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Daily Halacha #11

By: Rabbi Motzen | May 6, 2014

One who wakes up in middle of the night should wash their hands ‘Netials Yadayim’ and say the appropriate blessing.

If one subsequently stayed up the rest of the night until dawn, or in a situation where one is awake the entire night, one should wash their hands (at dawn/ upon awakening) but without a blessing.*

If one sleeps for over a half hour during the day one should wash their hands ‘Al Netilas Yadayim’ but without a blessing.

*The Mishna Berura argues that it would be best in these situations to use the washroom before praying Shacharis then wash one’s hands and say a blessing.

KSA 2:8

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Daily Halacha #7

By: Rabbi Motzen | May 1, 2014

As mentioned yesterday, one of the reasons to wash our hands is due to the spirit of impurity that rests upon them until washing. For this reason, one should strive to wash their hands as soon as possible after awakening. The Halacha is that a person should not even travel a distance of four amos (roughly eight feet) before washing one’s hands*. For the same reason, one should not touch any orifices on their body, nor should one touch food. However, a man should put on their tallis katan/ Tzitzis even before washing their hands.

*The Mishna Berura states that although it is ideal not to, one can consider their entire home as a distance of four amos.

KSA 2:1,2,5

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Daily Halacha #10

By: Rabbi Motzen | April 30, 2014

One is not allowed to say G-d’s Name if they need to relieve themselves. Therefore the proper procedure in the morning is to wash one’s hands to fulfill the Mitzvah of Netilas Yadayim, use the bathroom, and only then say the blessing of Baruch Ata… al Netilas Yadayim.*

*The Mishna Berurah suggests that if one knows they will use the restroom again before Shacharis then it is best to delay the blessing of Al Netilas Yaadyim until then. (In other words, one should wash one’s hands as it is described in DH #8, use the restroom, and then when using the restroom before Shacharis one would wash again in the manner described in DH # 8 after relieving themselves and then say the blessing of Al Netilas Yadayim.)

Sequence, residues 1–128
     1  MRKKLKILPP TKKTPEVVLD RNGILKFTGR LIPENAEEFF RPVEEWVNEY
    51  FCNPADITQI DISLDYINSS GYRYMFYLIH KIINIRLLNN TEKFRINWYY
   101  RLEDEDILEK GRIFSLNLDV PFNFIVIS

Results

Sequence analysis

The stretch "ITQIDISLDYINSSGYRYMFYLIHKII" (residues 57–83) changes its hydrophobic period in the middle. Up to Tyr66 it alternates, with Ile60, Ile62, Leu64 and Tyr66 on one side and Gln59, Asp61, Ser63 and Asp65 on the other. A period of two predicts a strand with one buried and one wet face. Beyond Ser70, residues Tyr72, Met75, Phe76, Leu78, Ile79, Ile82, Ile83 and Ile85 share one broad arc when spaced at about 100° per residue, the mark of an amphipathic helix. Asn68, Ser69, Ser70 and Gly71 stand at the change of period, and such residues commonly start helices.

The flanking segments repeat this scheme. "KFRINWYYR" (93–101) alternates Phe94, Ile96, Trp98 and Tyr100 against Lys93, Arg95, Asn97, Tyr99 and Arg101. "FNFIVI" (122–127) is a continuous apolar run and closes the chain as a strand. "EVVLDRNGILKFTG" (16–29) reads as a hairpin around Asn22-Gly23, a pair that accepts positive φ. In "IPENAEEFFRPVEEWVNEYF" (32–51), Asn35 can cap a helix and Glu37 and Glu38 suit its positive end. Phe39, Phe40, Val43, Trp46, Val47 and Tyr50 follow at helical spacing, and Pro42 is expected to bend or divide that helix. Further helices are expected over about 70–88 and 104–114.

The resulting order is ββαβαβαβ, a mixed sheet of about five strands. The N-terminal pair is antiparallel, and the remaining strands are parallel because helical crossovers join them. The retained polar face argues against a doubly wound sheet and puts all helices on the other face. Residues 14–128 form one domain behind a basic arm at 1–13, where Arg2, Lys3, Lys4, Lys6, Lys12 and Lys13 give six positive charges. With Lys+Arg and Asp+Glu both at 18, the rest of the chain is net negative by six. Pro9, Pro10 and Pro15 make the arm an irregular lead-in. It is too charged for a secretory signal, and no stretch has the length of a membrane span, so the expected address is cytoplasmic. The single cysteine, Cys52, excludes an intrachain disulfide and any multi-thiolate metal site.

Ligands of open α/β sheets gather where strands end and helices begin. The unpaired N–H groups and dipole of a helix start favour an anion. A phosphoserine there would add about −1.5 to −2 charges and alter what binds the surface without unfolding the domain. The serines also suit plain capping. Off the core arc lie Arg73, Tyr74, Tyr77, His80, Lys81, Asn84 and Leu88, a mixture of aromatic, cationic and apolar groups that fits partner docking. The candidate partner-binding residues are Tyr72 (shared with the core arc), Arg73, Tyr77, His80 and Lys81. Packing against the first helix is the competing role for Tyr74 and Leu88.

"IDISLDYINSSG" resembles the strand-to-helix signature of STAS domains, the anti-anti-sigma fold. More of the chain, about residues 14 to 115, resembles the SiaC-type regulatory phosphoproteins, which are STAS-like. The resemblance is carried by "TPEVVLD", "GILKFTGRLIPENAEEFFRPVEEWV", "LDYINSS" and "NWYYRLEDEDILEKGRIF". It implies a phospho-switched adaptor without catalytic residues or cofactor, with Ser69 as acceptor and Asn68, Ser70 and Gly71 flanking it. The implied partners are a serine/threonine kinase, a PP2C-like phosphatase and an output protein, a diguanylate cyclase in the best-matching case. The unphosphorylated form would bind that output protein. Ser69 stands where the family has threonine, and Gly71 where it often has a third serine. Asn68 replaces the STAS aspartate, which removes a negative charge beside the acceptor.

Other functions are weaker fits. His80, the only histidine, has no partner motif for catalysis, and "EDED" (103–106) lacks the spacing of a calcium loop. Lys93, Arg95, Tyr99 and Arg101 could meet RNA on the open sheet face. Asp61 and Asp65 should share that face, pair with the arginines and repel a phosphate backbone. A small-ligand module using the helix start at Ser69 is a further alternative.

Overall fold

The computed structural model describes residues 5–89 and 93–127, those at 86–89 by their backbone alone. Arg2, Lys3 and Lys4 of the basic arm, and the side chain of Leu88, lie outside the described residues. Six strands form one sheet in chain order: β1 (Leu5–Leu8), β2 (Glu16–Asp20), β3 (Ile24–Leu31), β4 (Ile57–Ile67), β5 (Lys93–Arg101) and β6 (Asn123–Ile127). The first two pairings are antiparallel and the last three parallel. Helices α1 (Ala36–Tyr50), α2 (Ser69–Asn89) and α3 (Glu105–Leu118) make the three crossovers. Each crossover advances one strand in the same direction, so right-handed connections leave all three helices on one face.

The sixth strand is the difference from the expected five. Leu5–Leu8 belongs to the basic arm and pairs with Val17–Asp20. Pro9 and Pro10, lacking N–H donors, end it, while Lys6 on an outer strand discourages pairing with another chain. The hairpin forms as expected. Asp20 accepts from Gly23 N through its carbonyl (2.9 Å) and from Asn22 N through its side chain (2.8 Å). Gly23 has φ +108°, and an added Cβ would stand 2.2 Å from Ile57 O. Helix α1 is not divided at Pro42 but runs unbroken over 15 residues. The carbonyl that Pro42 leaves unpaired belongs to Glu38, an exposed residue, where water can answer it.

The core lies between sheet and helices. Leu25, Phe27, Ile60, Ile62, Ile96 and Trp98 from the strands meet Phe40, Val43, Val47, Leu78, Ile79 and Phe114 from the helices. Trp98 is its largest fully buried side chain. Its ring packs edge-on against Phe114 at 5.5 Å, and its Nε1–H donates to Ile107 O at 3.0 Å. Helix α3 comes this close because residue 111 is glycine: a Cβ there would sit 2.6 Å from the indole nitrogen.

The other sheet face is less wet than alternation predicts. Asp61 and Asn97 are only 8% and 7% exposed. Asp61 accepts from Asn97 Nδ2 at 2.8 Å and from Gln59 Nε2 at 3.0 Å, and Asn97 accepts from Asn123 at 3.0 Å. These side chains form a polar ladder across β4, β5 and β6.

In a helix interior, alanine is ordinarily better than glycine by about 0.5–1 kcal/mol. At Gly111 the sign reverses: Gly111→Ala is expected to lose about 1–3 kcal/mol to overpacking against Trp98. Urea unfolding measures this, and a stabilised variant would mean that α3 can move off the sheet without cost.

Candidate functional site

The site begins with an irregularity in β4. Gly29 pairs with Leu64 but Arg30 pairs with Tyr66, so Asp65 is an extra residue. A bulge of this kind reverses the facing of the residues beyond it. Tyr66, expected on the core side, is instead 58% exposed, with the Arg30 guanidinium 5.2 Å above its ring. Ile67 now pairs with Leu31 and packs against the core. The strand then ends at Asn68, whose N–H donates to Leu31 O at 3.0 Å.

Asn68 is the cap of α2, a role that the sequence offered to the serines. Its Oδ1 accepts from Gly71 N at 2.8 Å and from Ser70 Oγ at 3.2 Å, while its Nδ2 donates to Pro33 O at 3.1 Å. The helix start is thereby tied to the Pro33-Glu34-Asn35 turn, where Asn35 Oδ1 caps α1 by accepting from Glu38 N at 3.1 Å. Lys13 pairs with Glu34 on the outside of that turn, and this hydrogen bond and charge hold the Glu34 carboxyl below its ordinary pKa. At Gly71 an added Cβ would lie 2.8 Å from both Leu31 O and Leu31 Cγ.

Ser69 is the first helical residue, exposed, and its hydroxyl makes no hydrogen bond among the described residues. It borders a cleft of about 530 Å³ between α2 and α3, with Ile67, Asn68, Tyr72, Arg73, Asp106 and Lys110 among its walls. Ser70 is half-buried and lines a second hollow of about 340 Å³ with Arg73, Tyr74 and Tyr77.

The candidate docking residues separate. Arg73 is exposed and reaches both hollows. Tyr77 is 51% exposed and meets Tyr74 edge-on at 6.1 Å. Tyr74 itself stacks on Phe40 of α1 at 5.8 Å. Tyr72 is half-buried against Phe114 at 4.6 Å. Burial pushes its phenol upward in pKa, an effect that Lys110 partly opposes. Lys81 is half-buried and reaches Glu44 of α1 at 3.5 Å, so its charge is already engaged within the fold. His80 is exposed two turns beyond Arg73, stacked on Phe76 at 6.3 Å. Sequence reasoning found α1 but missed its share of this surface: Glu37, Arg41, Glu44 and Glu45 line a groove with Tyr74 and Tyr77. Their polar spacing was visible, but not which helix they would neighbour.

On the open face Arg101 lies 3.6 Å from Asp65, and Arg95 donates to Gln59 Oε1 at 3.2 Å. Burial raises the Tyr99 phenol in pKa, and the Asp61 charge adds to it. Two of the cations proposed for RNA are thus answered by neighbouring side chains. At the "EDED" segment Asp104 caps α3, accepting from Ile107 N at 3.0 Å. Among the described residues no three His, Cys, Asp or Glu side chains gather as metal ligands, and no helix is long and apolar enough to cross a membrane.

KSA 2: 7

 

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Daily Halacha #9

By: Rabbi Motzen | May 1, 2014

In a scenario where one does not have a cup or water one could still wash their hands by turning on a faucet and putting one’s hands under it and/or by using any liquid. Dipping one’s hands in snow or a river is acceptable and even better than using a faucet. One may make the regular blessing in the aforementioned scenarios.

If even that is not available, one should run their hands against a rough surface to clean their hands and make a blessing of Baruch Ata…. al nekiyas yadayim (Who commanded us to clean our hands.). Later, when water is available they should wash without a blessing.

KSA 2:5,6

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Daily Halacha #8

By: Rabbi Motzen | May 1, 2014

The proper procedure for washing is as follows: One picks up the cup with their right hand (using the right hand is considered more respectful) and fills it up. One then passes the cup to their left hand and pours on to their right hand. One then passes the cup to their right hand and washes their left hand. One does this three times (*There are those who do so four times).

One should wash their face and mouth (not only for hygiene but) out of respect for G-d with Whom they will be communicating.

(KSA 2:3)